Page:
Conclusion: If you regularly carry taller rear passengers and luggage, you may find the X1 offers that bit of extra room.
Engines and Performance
Both vehicles, being derived from same basic underpinnings, have access to a similar engine line-up. Petrol options for both vehicles include the 18i and 20i engines, which return agile handling and sporty acceleration. Likewise, BMW’s turbo diesels are well represented by the 18d and 20d engines, offering efficient fuel usage and strong performance at cruising speed.
As expected from vehicles in BMW’s ‘X’ range, the X1 and X2 have the choice between sDrive and xDrive, which are BMW’s terms for FWD and AWD respectively. sDrive vehicles are more lightweight, translating into more agile handling and also greater fuel efficiency. xDrive offers all-wheel-drive stability and grip, perfect for those looking for a more secure drive or better performance in rural areas.
In typical BMW fashion, an engaging drive is guaranteed on both vehicles; though depending on trim level, varied levels of comfort or sportiness can be specified. Entry-level SE trims are the most comfortable with smaller wheels and softer suspension; while the Sport trim comes with firmer suspension and larger wheels for more dynamic handling. The top of the line M Sport trim gives even larger wheels and lower, stiffer suspension for a more engaging drive, at the expense of some comfort.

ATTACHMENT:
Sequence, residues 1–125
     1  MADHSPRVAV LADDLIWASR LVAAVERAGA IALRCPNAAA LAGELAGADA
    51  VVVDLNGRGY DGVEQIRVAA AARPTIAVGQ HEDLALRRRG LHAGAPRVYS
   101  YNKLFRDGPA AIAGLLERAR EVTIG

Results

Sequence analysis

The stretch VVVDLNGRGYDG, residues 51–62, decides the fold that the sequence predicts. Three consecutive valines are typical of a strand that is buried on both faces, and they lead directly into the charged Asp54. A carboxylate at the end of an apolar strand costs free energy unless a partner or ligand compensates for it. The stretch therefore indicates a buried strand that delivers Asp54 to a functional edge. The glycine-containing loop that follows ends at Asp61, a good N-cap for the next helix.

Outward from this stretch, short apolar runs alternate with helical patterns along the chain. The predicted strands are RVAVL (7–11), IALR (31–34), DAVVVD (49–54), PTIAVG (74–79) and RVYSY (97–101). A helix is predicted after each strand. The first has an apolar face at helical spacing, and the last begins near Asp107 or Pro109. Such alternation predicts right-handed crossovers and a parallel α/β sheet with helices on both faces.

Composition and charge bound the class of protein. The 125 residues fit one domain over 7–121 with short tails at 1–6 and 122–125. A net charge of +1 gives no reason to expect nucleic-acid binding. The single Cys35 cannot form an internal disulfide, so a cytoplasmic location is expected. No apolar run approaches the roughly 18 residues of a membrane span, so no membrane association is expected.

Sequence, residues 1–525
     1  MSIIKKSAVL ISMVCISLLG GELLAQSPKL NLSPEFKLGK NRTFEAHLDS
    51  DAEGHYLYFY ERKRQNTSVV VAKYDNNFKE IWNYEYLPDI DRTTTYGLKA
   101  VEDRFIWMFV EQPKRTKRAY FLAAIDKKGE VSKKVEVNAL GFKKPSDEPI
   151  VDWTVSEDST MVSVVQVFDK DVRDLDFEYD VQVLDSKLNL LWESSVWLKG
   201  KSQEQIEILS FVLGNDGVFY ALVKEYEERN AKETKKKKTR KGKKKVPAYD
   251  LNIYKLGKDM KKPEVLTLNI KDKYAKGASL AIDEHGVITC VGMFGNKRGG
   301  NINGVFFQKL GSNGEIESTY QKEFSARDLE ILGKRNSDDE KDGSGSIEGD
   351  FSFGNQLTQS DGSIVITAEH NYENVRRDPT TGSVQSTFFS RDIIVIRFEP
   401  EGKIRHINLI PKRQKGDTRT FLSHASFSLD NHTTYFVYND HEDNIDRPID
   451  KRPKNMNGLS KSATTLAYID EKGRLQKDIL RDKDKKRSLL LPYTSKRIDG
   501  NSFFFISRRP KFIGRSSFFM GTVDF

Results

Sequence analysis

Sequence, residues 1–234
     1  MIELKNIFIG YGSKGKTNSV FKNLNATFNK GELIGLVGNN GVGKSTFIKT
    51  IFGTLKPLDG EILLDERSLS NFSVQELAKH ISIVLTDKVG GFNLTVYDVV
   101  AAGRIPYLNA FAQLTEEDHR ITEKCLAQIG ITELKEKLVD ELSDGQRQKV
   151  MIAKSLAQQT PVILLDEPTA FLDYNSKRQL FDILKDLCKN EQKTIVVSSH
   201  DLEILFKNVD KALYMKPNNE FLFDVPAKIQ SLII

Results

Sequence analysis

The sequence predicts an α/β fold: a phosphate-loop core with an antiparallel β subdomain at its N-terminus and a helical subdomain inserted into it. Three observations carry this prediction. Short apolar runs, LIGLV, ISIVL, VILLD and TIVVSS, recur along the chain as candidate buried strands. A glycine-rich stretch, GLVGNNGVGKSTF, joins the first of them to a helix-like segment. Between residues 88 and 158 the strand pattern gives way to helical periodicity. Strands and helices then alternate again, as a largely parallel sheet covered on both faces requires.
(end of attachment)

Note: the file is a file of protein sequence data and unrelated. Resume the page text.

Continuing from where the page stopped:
For those looking for a more exhilarating driving experience, the X2 range features the X2 M35i, a powerful BMW M tuned vehicle. The BMW X1 lacks a performance model, so if you want the combination of SUV practicality and sports car performance, the BMW X2 is the only option. It’s good then that this comes with some eyebrow–raising stats; going from 0-62mph in just 4.9 seconds thanks to a powerful 4-cylinder twin-turbo engine.
Another significant deviation between the two models is a hybrid powertrain option. The BMW X1 is available to order with a brand new plug-in hybrid powertrain. The BMW X1 Hybrid xDrive25e features a 1.5 litre engine with a specially designed electric motor, which can offer up to 35 miles of dedicated electric driving.
Conclusion: If your focus is on performance, the X2 can be acquired with a more powerful engine. However, if you want to drive a little greener, the Hybrid variant of the X1 could be ideal.